Consider only evil. Back in 1914, at the outset of the First World War, before moral relativism conquered academia, it was stated in the Harvard Classics:

Evil in the broadest sense means disharmony, since any kind of disharmony is source of pain to somebody. But that source of pain which arises between man and nature has in itself no moral qualities. It is an evil to be cold or hungry, to have at tree fall on one, to be devoured by a wild beast, or wasted by microbes. But to evils of this kind, unless they are in some way the fault of other men, we never ascribe any moral significance whatever. It is also an evil for one man to rob another or to cheat him, or in any way to injure him through carelessness or malice; and we do ascribe a moral significance to evils of this kind – to any evil, in fact, which grows out of the relations of man with man. But as already pointed out, the latter form of evil – moral evil – grows out of, or results from, the former, which may be called non-moral evil. Any true account of the origin of moral evil must therefore begin with the disharmony between man and nature.[7]

However, as regards human affairs, we need to bear in mind that it is not unusual for good and evil – or the snow-white and pitch black distinctions portrayed in Arthurian legends – to fall because human nature, even in some of the best and worst cases, is a complex of good and evil, and that sometimes an evil act may result in an unintended good consequence. This is commonsense obscured by moral relativism.

Although Sefer Yetizrah (the Book of Creation) is commonly and simplistically regarded as work of mysticism, its world outlook is very much based on a commonsense. For example:

It is only in a physical being that both good and bad can exist together. Although they are at opposite poles spiritually, they can come together in man. One reason why God created man in a physical world was to allow him to have full freedom of choice, with both good and evil in his makeup. Without a physical world, these two concepts could never exist in the same being.[8]

Now ponder in this connection Deuteronomy 30:19: “…life and death I have placed before you, blessing and curse, therefore, choose life, so that you and your seed will live.” Viewed in this context, evil exists in order that it should be nullified by the good deeds of man.[9] Considered dialectically, evil is enlarges the scope and deepens appreciation of its antithesis or opposite.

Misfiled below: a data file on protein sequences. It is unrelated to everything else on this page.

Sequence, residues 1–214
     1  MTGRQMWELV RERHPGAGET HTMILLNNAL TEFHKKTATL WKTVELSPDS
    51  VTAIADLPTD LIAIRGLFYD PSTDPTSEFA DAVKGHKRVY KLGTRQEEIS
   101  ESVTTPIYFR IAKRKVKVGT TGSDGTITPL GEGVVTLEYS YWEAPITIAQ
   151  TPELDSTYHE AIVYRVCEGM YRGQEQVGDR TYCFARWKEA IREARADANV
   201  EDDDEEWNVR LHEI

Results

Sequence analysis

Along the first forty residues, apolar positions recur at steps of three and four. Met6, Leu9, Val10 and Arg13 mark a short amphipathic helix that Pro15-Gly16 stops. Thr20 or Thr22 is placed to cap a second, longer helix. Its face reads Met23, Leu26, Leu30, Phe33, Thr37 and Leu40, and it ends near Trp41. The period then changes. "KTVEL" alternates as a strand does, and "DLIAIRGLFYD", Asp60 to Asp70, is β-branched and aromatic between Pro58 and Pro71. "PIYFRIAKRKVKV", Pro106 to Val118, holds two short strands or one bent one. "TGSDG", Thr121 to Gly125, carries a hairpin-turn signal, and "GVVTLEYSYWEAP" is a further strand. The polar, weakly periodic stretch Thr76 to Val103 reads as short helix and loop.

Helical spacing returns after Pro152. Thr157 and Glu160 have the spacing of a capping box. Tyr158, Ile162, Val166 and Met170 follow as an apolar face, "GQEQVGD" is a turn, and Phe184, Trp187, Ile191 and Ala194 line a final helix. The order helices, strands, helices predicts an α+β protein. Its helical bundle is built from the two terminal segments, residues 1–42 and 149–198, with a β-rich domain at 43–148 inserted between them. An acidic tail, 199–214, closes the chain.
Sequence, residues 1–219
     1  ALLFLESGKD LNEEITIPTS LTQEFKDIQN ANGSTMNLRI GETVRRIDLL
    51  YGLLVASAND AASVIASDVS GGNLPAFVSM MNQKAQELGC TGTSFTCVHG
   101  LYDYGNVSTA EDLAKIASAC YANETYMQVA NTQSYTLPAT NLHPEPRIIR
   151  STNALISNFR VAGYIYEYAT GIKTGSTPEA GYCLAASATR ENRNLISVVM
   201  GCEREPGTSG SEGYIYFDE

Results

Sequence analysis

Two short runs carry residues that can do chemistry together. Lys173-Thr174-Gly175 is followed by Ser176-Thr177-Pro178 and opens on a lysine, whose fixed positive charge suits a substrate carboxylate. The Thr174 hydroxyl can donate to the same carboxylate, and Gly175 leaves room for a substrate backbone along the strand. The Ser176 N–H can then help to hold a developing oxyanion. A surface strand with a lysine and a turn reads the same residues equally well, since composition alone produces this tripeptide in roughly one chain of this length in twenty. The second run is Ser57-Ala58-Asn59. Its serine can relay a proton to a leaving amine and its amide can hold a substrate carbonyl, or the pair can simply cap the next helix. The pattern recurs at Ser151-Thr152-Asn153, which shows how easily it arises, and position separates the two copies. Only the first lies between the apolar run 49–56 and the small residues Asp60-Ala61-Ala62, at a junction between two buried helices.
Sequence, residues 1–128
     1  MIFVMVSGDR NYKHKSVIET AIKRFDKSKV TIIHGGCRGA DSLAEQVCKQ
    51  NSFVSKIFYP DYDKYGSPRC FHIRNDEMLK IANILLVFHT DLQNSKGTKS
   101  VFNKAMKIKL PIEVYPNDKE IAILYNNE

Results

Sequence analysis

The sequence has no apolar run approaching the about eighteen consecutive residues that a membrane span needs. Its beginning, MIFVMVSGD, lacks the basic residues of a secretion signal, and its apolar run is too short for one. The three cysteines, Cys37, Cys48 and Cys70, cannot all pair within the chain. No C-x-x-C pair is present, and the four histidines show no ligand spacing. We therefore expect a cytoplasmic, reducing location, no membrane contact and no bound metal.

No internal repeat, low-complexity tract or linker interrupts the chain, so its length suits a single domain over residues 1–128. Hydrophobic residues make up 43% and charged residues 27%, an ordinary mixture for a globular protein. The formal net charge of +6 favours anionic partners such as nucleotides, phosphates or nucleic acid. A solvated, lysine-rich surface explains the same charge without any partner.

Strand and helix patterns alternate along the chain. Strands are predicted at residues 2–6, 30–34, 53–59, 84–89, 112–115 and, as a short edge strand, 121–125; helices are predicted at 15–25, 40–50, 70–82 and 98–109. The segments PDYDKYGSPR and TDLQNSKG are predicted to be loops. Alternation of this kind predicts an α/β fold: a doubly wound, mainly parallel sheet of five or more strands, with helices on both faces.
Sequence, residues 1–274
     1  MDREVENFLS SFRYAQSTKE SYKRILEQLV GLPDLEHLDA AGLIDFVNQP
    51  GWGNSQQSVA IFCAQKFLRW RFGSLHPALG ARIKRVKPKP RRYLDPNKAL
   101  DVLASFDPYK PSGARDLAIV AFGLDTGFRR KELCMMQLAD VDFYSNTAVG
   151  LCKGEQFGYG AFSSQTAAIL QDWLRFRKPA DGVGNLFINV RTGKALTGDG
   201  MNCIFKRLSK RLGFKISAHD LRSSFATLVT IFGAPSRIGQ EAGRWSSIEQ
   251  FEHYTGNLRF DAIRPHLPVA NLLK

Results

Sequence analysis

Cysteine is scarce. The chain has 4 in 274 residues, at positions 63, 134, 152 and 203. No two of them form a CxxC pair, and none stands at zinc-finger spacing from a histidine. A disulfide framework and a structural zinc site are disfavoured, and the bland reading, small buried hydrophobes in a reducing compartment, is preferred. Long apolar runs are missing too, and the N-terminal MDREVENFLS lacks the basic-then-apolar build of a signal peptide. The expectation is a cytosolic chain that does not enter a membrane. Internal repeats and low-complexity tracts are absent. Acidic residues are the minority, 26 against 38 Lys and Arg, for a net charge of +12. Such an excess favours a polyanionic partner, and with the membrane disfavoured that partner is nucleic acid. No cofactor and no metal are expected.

More generally speaking, without the idea of antithesis or opposites, there is no coherence or contrast in thought and action, and society collapses into moral anarchy and barbarism. Lost is in the absence of antithesis is any common sense as well as decency.

Coupled to antithesis, common sense turns a welter of mere sensations into a “coherent consciousness of myself as a subject in a world of objects.”[10] Moreover, without antithesis we lose the idea of ordinary decency or confidence in our fellow-citizens intuition of right and wrong, of good and evil. Indeed, without the idea of antithesis we are lost in savagery.[11] “Savage beliefs,” says C. S. Lewis, “exemplify pre-logical thinking …” Savagery therefore magnifies the rule of elemental passions. It renders man beings impervious to civilization. Shakespeare portrays such a creature the te in The Tempest, where Caliban – almost an anagram for “cannibal” – is contrasted with the spiritual Ariel. One conveys the base, the other the refined, inclinations of human nature, as is outlined in Pirke Avot, the Jewish Book of Ethics. Nihilism simply negates this common sense knowledge of human character.


[1] See Theodore Dalrymple, Our Culture, What’s Left of It (Ivan R. Dee, Chicago, 2005), 179, who writes: “It wasn’t until the end of the twentieth century, with its unprecedented prosperity and militant moral relativism, that Tocqueville’s prescience became clear that economic progress was perfectly compatible … with [moral] degradation.” (Plato foresaw this 2,400 years ago, Republic, Book VIII.)

For essays on the moral relativism prevailing in the social sciences, see Paul Eidelberg and Will Morrisey, Our Culture ‘Left’ or ‘Right’: Littérateurs Confront Nihilism (Lewiston NY: Edwin Mellen, 1992). For the prevalence of moral relativism in psychology, see Paul Eidelberg, “The Malaise of Modern Psychology,” Journal of Psychology, Vol. 126, No. 2, March 1993), 109-120.

[2] James Franklin, What Science Knows and How It Knows It (New York: Encounter, 2009), 246.

[3] See C. S. Lewis, 158-159.

[4] Haisch, 83-84.

[5] Segrè, 196.

[6] Francis A. Schaeffer, Escape from Reason (Downers Grove, Ill: InterVarsity Press, 1968), 35.

[7] Lectures on the Harvard Classics (New York: Collier & Son, 1914), 342.

[8] Aryeh Kaplan, Sefer Yetzirah, The Book of Creation, (San Francisco: Weiser Books, 1997), 60.

[9] See Tzimtzum, II. 612.

[10] C. S. Lewis, 164-165.

[11] Ibid., 1.